The geophysical logs are attached so that you can see for yourself the variation in material. Don’t worry; you don’t have to understand the logs or what they mean to get the basic idea. When the squiggly line changes, that means the earth or the water quality has changed. So at a first level, big picture analysis, look to see where the lines change once or twice or three times in the span of 1100 feet. Bet you can pick out where the bedrock starts. Say 877 feet. Another package of material is from about 440 to 600; I’m guessing alluvial fan based on cuttings and drilling notes; and another unit, mostly sand, from 600 to the weathered bedrock at about 800. But the SP log shows two zones within that last zone, so again this is not so precise as to become boring, or a single answer wins. Will know more, or think we do, after several hours of analysis by several of us.

We’ll be starring at the geophysical logs, the cuttings, the drilling notes, the locations of core samples, and using our Ouija board to divine where to place the piezometers. Let you know in the next couple of days the precise well design.

In the meantime we are reeming the 7 7/8-inch pilot hole, first with a 13-inch bit down to about 350 feet to accommodate two piezometers above that level; then with a 10-inch bit down to 820 feet to accommodate 2 more piezometers above that depth, then with the 7 7/8 inch bit to clean out the debris that fell in the hole down to the total depth of 1100 feet.

The rationale for drilling a pilot hole first is that a smaller diameter hole can be drilled faster, circulation time is faster, the geophysical logs will be better, and there may be fewer problems with caving. The bad part is we will spend 4-6 days redrilling the well to make it the size needed to install piezometers. If we knew the geology ahead of time, then perhaps we could design the general size of the well bore ahead of time and only drill the well once. But in San Diego that knowledge does not yet exist. Getting there though. The geologic framework model that Carolyn and Claudia are preparing shows that we are getting to where drilling will be less wild-catting and more predictable engineering.


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What’s percolating beneath San Diego?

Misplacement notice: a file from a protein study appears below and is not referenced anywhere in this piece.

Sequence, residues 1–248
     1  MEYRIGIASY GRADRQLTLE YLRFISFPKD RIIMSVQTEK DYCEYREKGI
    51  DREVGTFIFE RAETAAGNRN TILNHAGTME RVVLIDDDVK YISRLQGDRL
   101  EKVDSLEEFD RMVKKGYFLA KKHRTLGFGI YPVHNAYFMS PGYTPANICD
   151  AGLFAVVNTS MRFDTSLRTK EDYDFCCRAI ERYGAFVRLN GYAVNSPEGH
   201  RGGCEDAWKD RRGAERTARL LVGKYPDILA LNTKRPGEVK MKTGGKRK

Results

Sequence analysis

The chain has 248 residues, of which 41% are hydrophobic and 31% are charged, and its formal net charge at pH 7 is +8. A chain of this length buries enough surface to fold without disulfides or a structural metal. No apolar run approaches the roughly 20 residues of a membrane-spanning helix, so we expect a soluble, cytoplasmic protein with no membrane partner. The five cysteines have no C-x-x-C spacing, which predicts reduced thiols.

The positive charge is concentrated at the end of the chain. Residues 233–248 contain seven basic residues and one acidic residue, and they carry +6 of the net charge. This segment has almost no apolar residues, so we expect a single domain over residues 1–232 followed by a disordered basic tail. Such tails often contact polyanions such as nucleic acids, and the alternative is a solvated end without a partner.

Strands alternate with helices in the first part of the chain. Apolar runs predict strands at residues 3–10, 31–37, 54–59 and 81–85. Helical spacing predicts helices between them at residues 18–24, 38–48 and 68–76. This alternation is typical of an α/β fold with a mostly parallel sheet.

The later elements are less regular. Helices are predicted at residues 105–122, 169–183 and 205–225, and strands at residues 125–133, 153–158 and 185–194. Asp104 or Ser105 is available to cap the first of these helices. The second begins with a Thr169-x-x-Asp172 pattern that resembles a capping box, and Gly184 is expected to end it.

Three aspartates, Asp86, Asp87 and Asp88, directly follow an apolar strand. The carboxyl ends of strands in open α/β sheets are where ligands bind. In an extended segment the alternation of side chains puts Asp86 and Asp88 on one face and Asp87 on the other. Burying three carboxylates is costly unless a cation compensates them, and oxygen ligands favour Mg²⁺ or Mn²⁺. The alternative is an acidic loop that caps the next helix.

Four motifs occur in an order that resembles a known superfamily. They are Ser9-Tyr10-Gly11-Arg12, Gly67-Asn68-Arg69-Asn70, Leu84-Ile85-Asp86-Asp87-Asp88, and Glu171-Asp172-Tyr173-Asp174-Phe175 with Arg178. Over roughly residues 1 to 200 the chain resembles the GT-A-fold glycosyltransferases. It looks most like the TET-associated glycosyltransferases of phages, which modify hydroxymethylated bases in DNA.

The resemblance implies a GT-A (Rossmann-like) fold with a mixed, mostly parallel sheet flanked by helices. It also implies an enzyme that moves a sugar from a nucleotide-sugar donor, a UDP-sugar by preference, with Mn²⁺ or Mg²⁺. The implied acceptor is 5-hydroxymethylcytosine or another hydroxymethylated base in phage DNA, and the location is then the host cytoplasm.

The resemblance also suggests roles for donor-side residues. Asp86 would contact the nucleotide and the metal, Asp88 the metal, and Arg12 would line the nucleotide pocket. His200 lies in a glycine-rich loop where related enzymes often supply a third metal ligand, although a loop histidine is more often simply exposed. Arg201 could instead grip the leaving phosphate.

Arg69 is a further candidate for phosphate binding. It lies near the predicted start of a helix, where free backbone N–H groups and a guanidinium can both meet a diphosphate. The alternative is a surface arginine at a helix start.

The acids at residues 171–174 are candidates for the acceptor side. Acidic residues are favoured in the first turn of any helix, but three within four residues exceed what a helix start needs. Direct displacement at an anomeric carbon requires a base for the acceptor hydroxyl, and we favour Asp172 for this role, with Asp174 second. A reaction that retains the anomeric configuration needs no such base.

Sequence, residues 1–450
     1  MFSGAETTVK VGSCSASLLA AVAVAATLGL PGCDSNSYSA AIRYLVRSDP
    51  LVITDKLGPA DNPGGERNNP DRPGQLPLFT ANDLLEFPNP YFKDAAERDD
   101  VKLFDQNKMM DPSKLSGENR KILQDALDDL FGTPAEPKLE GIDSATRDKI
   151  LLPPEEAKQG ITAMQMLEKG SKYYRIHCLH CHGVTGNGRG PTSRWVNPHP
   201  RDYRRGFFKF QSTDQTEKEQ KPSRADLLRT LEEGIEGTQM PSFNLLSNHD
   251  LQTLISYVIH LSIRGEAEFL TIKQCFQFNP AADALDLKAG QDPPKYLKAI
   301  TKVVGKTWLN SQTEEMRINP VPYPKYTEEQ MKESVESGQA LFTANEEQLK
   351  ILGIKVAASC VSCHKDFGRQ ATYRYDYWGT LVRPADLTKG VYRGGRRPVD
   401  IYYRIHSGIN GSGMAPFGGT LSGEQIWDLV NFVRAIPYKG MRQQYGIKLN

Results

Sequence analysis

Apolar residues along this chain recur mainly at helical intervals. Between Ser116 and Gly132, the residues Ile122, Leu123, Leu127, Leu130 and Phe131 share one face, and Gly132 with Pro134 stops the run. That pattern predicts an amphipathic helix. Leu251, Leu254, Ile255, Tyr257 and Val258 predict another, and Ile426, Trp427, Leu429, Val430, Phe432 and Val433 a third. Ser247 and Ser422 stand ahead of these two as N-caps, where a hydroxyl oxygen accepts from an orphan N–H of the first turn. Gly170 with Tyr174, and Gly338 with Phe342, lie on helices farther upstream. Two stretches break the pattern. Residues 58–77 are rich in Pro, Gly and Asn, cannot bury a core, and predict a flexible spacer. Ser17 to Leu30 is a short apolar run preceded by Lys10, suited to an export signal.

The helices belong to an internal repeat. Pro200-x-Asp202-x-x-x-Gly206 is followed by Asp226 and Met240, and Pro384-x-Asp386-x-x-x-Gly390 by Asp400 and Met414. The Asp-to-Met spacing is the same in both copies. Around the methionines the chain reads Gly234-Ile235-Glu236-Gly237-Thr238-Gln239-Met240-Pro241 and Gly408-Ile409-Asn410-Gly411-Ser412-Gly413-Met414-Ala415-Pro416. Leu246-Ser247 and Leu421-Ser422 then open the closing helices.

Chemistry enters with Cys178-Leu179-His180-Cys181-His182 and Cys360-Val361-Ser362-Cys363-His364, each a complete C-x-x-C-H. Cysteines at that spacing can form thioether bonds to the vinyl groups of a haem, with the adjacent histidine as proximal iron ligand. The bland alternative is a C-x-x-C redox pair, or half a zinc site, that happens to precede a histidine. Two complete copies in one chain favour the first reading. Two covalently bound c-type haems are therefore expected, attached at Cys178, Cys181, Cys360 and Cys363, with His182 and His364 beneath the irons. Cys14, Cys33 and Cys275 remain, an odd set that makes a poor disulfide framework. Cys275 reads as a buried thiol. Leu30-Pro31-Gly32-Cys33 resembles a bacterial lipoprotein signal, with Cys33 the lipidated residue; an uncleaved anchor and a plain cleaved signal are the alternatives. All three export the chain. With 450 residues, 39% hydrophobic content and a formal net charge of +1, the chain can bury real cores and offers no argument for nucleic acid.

Posted by George J Janczyn on May 17, 2011

Wes Danskin, the Project Chief for the USGS San Diego Hydrogeology Project has been busy studying what’s going on underneath San Diego. Late last year he updated us with work underway at that time. Now he’s working on a new project with a deep USGS monitoring well:


May 15, 2011:

That time again. Another deep USGS monitoring well is being installed. This is the first in a series of updates.

The United States Geological Survey (USGS) is partnering with the City of San Diego. Many thanks to Greg Cross, George Adrian, and Marsi Steirer of the City Water Department and to Keith Selby and Mike Morrow of the City Park Department for their critically important help in getting this project going.

A deep multiple-completion well is being installed to help define the geology and groundwater resources in the coastal San Diego area. This and prior USGS wells are described on the project website, This well is referred to SDCP (San Diego Chollas Park).

Started May 10, will continue through about June 10.

Chollas Community Park, toward the westernmost end, just east of 54th Street. Drilling in the North Chollas Community Park parking lot, in a median between parking stalls, about 50 feet from a drainage from Chollas Lake.

To define the groundwater flow paths from the eastern part of San Diego County, to the western part where additional groundwater extraction likely would occur. The geochemical water samples that we have collected previously from coastal wells (stable isotopes of hydrogen and oxygen) suggest that the source of the groundwater is recharge from precipitation not on the alluvial plain of the coast, but further east, such as near El Cajon, or further east. This means that the groundwater would need to flow through hard rock (granites, and Santiago Peak Volcanics) in order to reach the coastal sediments west of about Interstate 805.

This well site in Chollas Park (SDCP) was chosen to be east of the La Nacion fault which is approximately 54th street. This site means the drilling will penetrate some unconsolidated sediment (maybe 500 feet), and then penetrate the hard rock. Ideally, the total depth of the drilling will be about 1500 feet. Completion of the well with about five 2-inch PVC piezometers will allow us to sample groundwater from different depths and better understand the groundwater flow system.

Another well site, referred to as SDHF is located at the intersection of Home Avenue and Federal Blvd, and is on the down-dropped west side of the La Nacion fault. These paired wells (SDCP and SDHF) will aid us in understanding groundwater flow from east to west across this major structural feature in San Diego.

Are possible by contacting me.

Will give more details in a subsequent email, but the short answer is that at about 2 pm on Sunday, we were at 410 feet in a sandy, clay, ready to take another core.

Rough stratigraphy, from my memory:

Depth — Geologic characteristics

10 feet — Sandy fill.

20 feet — Santiago Peak gravel. Scared us, thinking we maybe already hit bedrock, but it probably was gravel eroded from a construction project upslope.

40 feet — Stadium Conglomerate, or redeposited San Diego Formation. Hard drilling